Tag Archives: yamanaka

The Latest Thoughts on Why Ocata is Being Bought out by Astellas

A snippet from Part 4 of Light a Candle: (warning: narrative excellence not guaranteed):

How exactly had this happened? Where had everything gone wrong, and why? We were all groping the dark for answers. I knew better than most people that it had almost certainly not happened because of problems with the science. I still winced when remembering the endless odysseys to the OHSU library, wheedling my way in to do forbidden research—or at least research that it was forbidden to do in any more convenient way if you’re weren’t either a student or a professor. It also didn’t really explain anything to say that Astellas had been willing to do the JV and then leaped on the opportunity to take over the company outright. Who wouldn’t have done that? Why were they able to do it? That was the real question, and the key.

Pentecostal protestors weren’t marching with pickets around Pfizer. The top corporate officers at Janssen Pharmaceuticals weren’t raving evangelicals. Death threats weren’t being sent to the entire board of directors at GM. Nothing immediate was happening, and perhaps it would be better if it were. The obvious and immediate threat could be confronted and fought. But the sneaky sludge clogging the gears had been building up for many years. In brief? The long-term situation created by “religious” protests had led to the current reality, which was that Ocata’s perceived worth was a fraction of its real one. The market ran on fear, uncertainty, and doubt. Logic often had little to do with value that was perceived. Ocata did not have current cures that were commercially available. People couldn’t take their blind grandmas to the retinal specialist and bring them back crying, “I can see again!” Embryonic stem cell research was buried under layers and layers and layers of smothering superstition, fear, and a strange hatred. So direct experience was all that would convince the average person. And it was still years away from happening.

Except that in Japan, it wouldn’t be. That culture simply didn’t care; they were untroubled by the shibboleths. They knew that saving people’s lives, adults’ lives, children’s lives, was more important than hysterically clinging to some insane illusion about the value of a blastocyst that would otherwise have been thrown into a dumpster behind a fertility clinic.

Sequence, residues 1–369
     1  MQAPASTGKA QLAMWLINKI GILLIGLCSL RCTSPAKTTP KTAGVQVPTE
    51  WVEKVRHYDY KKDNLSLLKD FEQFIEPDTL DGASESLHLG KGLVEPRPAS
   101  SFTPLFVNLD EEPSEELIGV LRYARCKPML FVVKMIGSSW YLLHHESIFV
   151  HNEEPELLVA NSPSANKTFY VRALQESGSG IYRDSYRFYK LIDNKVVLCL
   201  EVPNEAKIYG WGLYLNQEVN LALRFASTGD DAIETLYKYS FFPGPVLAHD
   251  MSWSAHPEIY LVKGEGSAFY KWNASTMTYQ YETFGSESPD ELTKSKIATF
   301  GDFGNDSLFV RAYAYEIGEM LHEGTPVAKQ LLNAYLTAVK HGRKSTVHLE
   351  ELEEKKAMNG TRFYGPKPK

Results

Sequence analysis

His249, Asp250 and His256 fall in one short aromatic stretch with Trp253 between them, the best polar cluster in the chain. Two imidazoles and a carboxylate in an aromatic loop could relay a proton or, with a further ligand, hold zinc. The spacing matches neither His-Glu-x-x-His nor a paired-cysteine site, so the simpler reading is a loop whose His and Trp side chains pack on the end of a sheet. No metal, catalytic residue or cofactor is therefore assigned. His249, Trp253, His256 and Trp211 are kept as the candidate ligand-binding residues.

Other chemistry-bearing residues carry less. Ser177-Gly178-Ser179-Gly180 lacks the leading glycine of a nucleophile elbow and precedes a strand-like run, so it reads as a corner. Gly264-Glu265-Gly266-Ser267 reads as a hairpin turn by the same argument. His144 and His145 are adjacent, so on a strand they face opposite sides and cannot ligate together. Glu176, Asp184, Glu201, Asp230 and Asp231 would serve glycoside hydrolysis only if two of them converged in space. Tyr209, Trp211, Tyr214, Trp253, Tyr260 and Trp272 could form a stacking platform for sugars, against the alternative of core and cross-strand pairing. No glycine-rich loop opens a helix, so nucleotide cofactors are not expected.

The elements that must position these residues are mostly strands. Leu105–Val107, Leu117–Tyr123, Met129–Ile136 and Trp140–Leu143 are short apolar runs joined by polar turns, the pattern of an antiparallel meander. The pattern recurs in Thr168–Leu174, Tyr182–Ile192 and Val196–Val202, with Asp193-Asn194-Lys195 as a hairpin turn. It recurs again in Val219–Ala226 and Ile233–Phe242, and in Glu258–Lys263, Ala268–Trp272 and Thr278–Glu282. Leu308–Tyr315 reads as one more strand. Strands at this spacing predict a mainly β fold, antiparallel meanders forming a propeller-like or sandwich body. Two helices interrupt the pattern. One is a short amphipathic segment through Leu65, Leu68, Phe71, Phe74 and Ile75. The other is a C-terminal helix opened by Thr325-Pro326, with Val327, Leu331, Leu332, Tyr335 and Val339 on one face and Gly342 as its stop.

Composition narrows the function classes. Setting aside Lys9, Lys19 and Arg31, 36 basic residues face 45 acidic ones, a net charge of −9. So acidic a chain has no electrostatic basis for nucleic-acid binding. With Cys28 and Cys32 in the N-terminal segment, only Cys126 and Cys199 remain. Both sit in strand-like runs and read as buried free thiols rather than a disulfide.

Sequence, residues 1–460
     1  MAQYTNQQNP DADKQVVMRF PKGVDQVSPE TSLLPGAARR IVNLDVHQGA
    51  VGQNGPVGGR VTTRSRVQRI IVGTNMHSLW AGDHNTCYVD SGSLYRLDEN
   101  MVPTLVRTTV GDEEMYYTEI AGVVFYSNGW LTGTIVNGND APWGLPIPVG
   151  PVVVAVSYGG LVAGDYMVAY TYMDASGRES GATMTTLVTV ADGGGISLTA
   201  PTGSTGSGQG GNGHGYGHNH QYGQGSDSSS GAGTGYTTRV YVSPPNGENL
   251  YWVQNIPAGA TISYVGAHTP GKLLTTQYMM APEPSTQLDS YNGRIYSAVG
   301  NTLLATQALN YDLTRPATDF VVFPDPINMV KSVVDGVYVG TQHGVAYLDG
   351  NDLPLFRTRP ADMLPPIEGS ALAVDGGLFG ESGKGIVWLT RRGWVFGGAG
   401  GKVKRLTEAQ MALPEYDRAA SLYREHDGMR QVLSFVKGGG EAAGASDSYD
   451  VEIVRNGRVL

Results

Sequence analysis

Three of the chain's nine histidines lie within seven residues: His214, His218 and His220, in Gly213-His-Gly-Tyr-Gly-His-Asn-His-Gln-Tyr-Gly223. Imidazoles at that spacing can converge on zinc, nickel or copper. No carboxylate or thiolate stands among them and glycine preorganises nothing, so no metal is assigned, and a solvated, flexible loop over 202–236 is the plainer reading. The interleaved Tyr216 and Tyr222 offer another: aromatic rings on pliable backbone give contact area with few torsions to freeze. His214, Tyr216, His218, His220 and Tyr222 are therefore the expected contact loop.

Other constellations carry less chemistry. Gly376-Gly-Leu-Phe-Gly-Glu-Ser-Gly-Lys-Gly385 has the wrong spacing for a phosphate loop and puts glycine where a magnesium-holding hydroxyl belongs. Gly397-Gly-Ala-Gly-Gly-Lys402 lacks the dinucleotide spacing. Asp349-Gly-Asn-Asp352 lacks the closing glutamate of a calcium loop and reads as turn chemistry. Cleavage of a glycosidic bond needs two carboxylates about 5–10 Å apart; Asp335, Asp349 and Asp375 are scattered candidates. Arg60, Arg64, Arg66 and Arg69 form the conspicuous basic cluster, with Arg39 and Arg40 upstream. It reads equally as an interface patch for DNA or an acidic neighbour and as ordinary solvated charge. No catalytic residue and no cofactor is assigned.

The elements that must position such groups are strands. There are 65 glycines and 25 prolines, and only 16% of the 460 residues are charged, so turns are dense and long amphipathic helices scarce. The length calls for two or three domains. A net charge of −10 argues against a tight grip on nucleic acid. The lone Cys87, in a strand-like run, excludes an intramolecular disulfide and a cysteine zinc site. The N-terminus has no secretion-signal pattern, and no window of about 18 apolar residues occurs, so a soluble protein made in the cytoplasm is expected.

Another rant was definitely shaping up. I rubbed my nose.

My fun trip to Casey Eye Institute this week, and the results…

So on Wednesday, I sat in the waiting room of Casey Eye Institute again, heart pounding, hands numb with terror where my fingers clutched at the wooden arms of the chair. (And if you think *that* sounds bad, then you should have seen me every time I had to go there four years ago!) I was surrounded by little old ladies in wheelchairs and inching along on walkers, their faces full of stubbornness and determination, with the flashing eyes and set lips of survivors. As usual, there were a couple of children, too. I tried to never look at the children, sitting quietly by their mothers, their faces hidden behind thick glasses, their faces filled with the weary patience of eight or nine year olds who have spent too much of their young lives in doctor’s offices and waiting rooms. There’s a lot more of this type of description in my memoir, but you know, I think we’ll stop there for the purposes of a blog post.

The point is, I went to Casey again, which I have to do twice a year. As usual, I would rather have been chased off a cliff by rabid wolves. But I sat in the chair while the retinal scanner went up and down my eyes; I sat in another chair while the cute and chirpy assistant stuck a dubious-looking metal thing meant to measure glaucoma right up against my eyeball, and I sat in the really fancy chair as I waited for Dr. Lauer to come in and interpret it all. (Hint: meditation mp3’s don’t really help in this situation.) And the news was…

(drumroll)

IT’S ALL GOOD!

Okay, maybe it’s not exactly *good*, but my vision is stable. There’s nothing new going on (which would mean new and bad; definitely not new and good.) The first doctor who looked at my retinas through that horrible bright slit lamp thingy was amazed that I hadn’t needed a new Lucentis injection since 2011. This really isn’t normal, and nobody seems to know why the first injections have held up so long. Of course, nobody ever exactly identified the original disease, either. 😛 So I was set free that day to skip out into the sunshine of the wide world outside OHSU, as people looked at me and wondered if I’d escaped from the psych ward.

But it did make me think about a few things.

Yes, this is good news. But there’s never any guarantee. I really do live one day at a time. And I know how lucky I am compared to a lot of people. Most younger patients are not helped by anti-VEGF drugs at all. It makes me a very impatient patient when I think about all the glowing news in the past few days,. Very little of the gushing is supported by fact. The much-ballyhooed treatment at Moorfields isn’t just in the first experimental stages. It’s also dangerous, invasive, scarring, risky to the survival of the retina, and extremely expensive. Why is there so much over-the-top excitement about it?? It’s exactly like the wet AMD treatment in Japan earlier this year, the one based on IPSC’s rushed to the clinic dangerously fast. The study was abruptly stopped, and nobody ever got a straight answer as to why. Other scientists have skirted the issue, showing a lot of professional courtesy in not confronting Dr. Takahashi, I’m sure, but not much regard for the rights of patients.